If you have a child who plays youth hockey, then, like it or not, you are what is considered as a “team parent.” You might play a vital role in your child’s team, such as being a volunteer or even an assistant coach, or you might just be someone who comes to games and the occasional practice to offer support. Whatever the case may be, you should realize that your role as a team parent is an important one and that you have the power to promote good sportsmanship and an overall atmosphere of positivity, which will benefit both your child and the team as a whole. And, fortunately, there are a great many things you can do to be an awesome team parent all around!
Coordinate Team Communication
One nice thing you can do as a “team parent” is to help make team communication easier on everyone. Undoubtedly, there will be times when a message needs to be communicated to all members of the team and/or their parents.
Make this possible by working with the other parents to develop an effective communication method, such as an old-fashioned “phone tree” where each person has another person or people to call, or a more modern method, such as using a communication website or e-mail list.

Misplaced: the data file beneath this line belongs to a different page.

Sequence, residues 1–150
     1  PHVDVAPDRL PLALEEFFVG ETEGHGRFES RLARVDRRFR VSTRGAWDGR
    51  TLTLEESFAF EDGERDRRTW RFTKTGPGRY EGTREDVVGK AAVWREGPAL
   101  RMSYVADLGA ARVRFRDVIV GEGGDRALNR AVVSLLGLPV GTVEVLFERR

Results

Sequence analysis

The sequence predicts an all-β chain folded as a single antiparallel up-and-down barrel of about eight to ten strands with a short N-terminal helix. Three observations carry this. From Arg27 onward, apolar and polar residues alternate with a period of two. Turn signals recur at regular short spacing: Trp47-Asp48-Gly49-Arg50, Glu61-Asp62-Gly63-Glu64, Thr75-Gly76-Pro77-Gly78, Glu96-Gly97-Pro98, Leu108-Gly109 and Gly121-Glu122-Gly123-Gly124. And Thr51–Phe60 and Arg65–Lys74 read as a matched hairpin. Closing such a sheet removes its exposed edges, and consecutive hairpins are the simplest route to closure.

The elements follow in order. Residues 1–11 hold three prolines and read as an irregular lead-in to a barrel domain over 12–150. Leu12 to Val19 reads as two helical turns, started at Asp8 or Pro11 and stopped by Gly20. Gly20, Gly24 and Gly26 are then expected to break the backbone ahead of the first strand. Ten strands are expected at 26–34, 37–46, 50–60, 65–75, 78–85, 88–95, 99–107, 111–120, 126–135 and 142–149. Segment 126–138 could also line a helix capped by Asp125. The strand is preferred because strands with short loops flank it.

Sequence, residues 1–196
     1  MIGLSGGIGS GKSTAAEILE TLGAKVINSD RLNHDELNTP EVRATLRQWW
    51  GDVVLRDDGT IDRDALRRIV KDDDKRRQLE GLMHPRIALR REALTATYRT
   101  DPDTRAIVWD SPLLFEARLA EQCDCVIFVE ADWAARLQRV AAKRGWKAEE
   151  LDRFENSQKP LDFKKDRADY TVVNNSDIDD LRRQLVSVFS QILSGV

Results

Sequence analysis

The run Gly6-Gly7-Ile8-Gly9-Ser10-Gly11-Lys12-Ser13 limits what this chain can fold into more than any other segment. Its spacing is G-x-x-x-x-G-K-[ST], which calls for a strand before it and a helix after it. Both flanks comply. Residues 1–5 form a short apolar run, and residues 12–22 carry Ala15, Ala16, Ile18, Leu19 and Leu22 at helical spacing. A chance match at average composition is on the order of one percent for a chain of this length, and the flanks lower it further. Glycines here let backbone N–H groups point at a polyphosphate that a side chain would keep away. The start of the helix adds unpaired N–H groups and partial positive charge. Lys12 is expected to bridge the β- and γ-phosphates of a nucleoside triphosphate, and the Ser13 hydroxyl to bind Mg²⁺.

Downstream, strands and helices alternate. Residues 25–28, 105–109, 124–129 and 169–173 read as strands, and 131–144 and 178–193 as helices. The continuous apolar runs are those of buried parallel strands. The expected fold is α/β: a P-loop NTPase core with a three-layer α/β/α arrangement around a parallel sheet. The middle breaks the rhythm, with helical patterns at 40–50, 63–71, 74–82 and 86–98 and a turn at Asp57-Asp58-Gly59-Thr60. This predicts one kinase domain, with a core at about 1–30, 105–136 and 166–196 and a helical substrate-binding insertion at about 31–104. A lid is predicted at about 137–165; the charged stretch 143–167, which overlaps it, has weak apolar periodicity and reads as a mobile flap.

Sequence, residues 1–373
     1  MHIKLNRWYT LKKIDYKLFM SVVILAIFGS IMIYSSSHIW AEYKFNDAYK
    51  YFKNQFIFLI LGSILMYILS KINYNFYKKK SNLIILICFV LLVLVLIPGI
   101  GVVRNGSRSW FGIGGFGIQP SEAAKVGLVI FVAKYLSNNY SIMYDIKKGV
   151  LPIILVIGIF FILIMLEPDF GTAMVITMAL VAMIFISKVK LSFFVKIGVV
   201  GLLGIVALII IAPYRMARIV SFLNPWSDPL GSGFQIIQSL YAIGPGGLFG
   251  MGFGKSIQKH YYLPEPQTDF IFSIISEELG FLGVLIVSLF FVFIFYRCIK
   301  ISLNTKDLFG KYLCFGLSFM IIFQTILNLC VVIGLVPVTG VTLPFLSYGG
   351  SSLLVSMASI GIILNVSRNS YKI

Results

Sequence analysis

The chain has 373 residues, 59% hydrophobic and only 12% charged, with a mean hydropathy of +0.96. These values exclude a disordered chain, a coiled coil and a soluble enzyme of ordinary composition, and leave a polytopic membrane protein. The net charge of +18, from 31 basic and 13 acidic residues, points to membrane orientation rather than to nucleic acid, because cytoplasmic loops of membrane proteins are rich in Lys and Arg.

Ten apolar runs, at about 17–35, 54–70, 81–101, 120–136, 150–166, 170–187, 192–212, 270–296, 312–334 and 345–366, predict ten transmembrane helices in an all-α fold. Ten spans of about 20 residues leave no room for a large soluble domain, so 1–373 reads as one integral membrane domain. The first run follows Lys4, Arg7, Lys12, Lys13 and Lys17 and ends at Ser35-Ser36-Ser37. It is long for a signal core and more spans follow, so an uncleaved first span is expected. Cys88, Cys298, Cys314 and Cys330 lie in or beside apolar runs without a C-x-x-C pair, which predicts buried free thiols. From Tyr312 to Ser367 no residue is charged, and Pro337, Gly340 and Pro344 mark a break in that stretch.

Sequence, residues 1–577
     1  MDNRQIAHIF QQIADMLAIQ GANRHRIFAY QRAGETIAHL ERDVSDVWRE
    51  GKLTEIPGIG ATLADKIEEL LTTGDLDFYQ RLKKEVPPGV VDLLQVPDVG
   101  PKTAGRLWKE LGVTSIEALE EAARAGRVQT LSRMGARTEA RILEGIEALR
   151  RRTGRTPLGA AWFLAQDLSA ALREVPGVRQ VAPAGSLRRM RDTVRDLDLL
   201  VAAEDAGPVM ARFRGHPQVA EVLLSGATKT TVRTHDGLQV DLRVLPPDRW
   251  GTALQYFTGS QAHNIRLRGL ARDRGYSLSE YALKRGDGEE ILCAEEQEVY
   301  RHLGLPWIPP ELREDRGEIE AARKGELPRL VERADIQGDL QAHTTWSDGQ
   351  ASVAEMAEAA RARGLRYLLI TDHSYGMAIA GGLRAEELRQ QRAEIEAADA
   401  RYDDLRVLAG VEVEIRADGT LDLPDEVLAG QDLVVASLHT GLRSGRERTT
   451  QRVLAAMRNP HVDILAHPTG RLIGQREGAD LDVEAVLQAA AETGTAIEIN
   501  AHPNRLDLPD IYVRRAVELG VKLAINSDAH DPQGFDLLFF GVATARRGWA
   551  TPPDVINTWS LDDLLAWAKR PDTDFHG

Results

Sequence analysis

If there’s an easy way to communicate, it will also be easier to coordinate things like team snack responsibilities, meetings and events, transportation, and more, making life easier on everyone, including the coach, who can then focus his or her abilities on what matters most: helping and teaching the kids.
Be a Good Role Model
Even if you’re not the kind of parent who wants to jump in and start creating phone trees, you can still do your part by maintaining a good attitude and always being an example of good sportsmanship.
Cheer for the team as often as you can, and support and encourage all of the players. Remember, criticism is the job of the coach, not of you, the parent.
Be respectful of the referees, umpires, and coaches, and, even if you don’t agree with something one of these officials does, don’t talk negatively about these people, especially around your children or even with the other parents.
Play your part by being positive and acting like a reasonable adult at all times, no matter what!
If you can do these things and, in general, try to help in whatever ways you possibly can, then you’ll definitely qualify as being the best team parent you can be!